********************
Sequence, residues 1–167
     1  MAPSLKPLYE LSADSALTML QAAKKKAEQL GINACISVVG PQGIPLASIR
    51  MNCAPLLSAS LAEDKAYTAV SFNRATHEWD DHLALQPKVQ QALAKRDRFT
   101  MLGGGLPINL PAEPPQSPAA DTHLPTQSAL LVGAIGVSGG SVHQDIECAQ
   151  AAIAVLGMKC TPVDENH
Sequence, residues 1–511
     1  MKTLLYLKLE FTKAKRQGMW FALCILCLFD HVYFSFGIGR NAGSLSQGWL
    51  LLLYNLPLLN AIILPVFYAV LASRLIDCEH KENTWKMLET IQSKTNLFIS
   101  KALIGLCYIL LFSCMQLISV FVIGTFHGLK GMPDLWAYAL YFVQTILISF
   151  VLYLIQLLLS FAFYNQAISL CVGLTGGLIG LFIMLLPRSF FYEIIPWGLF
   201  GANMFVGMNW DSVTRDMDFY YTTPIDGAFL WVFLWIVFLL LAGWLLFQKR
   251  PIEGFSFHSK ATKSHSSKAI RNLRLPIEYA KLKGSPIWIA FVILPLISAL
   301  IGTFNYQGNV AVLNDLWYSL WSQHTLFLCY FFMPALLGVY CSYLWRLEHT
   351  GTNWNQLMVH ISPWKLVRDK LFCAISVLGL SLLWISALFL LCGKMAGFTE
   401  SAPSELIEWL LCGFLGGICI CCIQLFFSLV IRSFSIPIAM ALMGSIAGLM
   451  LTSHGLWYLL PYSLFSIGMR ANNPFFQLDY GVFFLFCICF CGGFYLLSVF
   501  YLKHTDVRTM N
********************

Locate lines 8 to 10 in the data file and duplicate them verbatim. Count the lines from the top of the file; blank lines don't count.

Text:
    51  LLLYNLPLLN AIILPVFYAV LASRLIDCEH KENTWKMLET IQSKTNLFIS
   101  KALIGLCYIL LFSCMQLISV FVIGTFHGLK GMPDLWAYAL YFVQTILISF
   151  VLYLIQLLLS FAFYNQAISL CVGLTGGLIG LFIMLLPRSF FYEIIPWGLF